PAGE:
As Kilgore reflects on his background, it’s not as if U of I administrators were unaware of his history when he was first hired: “I fully disclosed my background to my employers at my first point of substantive employment in 2011.  My supervisor was fully aware of my background and I asked her to inform the Dean of my background, which she did.  This has never been in question.”  Recognizing this fact, it seems unconscionable to later use Kilgore’s background as a motivation for firing.   Do local newspapers (themselves responding to larger political pressures) now retain control over U of I’s hiring and firing policies?  If so, perhaps the school should formally announce this significant change to university firing guidelines.  If the Kilgore firing is allowed to stand, it says a lot about how politicized universities have become.

The Decline of Faculty Rights

With the massive growth of adjuncts in higher education, many faculty no longer retain the most basic of rights to due process.  The tenure process was created to provide these basic due process rights to professors, but most teachers no longer benefit from this protection, considering that adjuncts now account for more than half of faculty, compared to just 20 percent of faculty in 1970.  Under the neoliberal values driving higher education, faculty are now seen as disposable people, to be discarded at the first sign of trouble or controversy.  The reality of the matter with regard to the Kilgore firing is that there was zero transparency.  When I asked what was the official reason given by the school and administrators was for releasing him, Kilgore told me: “No explanation.  A review committee is currently meeting to determine whether my criminal background was adequately considered in the process of hiring me.  Officially, I have not been dismissed or released but I have been told off the record that my contracts will not be renewed.  I have nothing in writing to this effect, but of course the statements by the Chairperson of the Board of Trustees make my rehiring, shall we say, unlikely.”  As Robin Kaler, the university’s Provost and spokeswoman, reportedly explained, U of I is not actually required to provide adjunct faculty with reasons for why their contracts are allowed to expire without renewal.  The lack of adjuncts’ rights in higher education stands at the core of the travesty of the Kilgore firing.  If Kilgore were granted a due process hearing, the school would have been forced to admit that the firing was for political, rather than professional or pedagogical reasons, and such a firing could at least be challenged in court as a wrongful termination (adjunct contracts, unlike tenure contracts, typically don’t grant due process rights prior to firing).  Unionization and tenure were created precisely to protect faculty for firings due to political pressures.  With the decline of faculty unions and tenure, firing decisions can now be made due to political pressures, rather than based on educational performance concerns.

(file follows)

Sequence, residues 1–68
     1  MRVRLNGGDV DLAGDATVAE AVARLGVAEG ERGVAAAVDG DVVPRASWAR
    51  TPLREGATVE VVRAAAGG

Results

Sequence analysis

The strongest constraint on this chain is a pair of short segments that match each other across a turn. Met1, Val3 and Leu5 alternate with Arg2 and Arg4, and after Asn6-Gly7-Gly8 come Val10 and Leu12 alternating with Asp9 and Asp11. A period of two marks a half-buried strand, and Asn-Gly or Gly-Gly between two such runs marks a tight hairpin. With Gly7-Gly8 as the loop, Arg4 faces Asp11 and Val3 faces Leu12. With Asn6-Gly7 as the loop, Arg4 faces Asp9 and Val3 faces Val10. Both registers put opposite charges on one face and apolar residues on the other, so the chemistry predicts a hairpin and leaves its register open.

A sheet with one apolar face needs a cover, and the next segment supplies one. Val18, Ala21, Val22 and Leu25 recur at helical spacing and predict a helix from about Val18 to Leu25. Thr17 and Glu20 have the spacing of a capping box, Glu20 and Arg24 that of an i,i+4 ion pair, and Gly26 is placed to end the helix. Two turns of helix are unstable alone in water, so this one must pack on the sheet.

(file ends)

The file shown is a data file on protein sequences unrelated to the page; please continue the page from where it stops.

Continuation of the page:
Decoupling Performance from Employment